It is really quite amazing, but I think we can probably all agree that Sage et al is most definitely not a beginners tool.

On one hand, it is forcing me to learn stuff that I might never have even tried, but for $40 I think there could be a few more examples, and a little bit more guidance (without having to hunt for it in the forum, or look it up in other places).

I’m very happy to support good development, but it is still a bit of a leap of faith to spend money on something that is only documented at such a high level. And it is sparse! I have used other themes and frameworks that go into a lot more detail.

I also hope that my own criticism will simply be food for thought, and be taken as an open opinion.

I’m no troll

If I manage to really get going with Sage, I also hope I will be able to give something more back by helping spread the word, and to assist people here on the forum once I have a bit more Roots experience.

So this is something we’ve gone back and forth on. Since Roots projects incorporate a lot of 3rd party code and dependencies (as is the norm for modern web development), is it Sage documentation itself, or is it unfamiliarity with the 3rd party tools?

I’m not trying to be antagonistic, I would genuinely like to know. I feel like Roots documentation is to the point, while not covering every edge case. One of the big pain points of using Sage has been the Node dependency for quite a while. However, it’s a 3rd party tool that Sage simply utilizes. And there is no shortage of discussion for the myriad of issues that has been associated with Node over the years on other sites like Stack Overflow.

We all appreciate that! One of the greatest things to see is when users answer other users questions on Discourse.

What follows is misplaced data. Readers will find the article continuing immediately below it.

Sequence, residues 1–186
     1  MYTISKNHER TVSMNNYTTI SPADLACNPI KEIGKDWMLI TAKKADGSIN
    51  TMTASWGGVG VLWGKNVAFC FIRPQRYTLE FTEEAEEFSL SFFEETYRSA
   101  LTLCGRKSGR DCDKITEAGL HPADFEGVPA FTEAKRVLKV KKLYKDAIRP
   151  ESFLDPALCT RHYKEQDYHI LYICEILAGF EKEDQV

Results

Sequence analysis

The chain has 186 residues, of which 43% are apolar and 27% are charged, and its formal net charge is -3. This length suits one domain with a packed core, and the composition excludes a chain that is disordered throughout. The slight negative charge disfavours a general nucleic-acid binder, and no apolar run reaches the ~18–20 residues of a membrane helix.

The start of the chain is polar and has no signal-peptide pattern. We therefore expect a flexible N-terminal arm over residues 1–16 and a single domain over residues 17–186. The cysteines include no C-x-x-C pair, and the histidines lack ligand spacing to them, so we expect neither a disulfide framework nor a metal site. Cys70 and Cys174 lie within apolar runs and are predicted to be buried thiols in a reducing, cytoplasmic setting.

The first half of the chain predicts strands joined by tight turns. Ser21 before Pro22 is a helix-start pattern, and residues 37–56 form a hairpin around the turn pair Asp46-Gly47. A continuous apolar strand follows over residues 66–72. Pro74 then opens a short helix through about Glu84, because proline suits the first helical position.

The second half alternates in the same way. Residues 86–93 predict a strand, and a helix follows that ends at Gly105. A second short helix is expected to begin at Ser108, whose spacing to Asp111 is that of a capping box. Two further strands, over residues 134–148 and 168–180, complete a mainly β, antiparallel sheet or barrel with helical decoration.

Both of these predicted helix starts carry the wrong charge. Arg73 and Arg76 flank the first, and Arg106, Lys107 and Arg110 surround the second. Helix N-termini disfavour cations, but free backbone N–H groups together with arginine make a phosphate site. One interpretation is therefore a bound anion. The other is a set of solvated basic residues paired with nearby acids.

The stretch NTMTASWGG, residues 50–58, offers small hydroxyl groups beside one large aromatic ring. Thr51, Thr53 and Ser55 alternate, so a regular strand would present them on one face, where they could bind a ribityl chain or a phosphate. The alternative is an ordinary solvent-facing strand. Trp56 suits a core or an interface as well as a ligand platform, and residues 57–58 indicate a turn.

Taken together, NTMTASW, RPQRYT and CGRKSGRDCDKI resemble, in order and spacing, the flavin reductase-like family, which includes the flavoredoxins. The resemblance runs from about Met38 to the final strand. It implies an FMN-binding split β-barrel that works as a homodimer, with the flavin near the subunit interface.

I’ve said it before, but if you feel like something in the documentation is lacking, please let us know. But we do need specifics. Which page of the documentation is lacking? Is it an edge case or is there something fundamentally wrong with it? All of the documentation is now on Github, if you think you can fix something, make a PR. Just be aware that if the developers of Roots feel it’s getting off topic or is covered better on other parts of the internet, it will be edited or even linked off to the correct source.

Thanks for the feedback. I’m not sure what you mean by artifacts, are you referring to the files that are generated from the build process? The compiled CSS and JS files?

What is it that you were hoping to read about? Since the gulp file is actually utilizing @austin 's asset builder (which has it’s own documentation and a link to it from the Sage docs), which covers quite a few examples of how to edit and update your own asset pipeline, what else was missing?

@kalenjohnson thanks for the reply (Friday night dude!)

Some of it is no doubt also just new starter frustrations/growing pains, something we all have to go through from time to time.

There is little point in us going back and forth, as you mentioned, and I will compose a thoughtful and comprehensive reply as soon as I can wrap my head around enough of the basics to make the response worthwhile, and to try and add something genuinely useful to the discourse.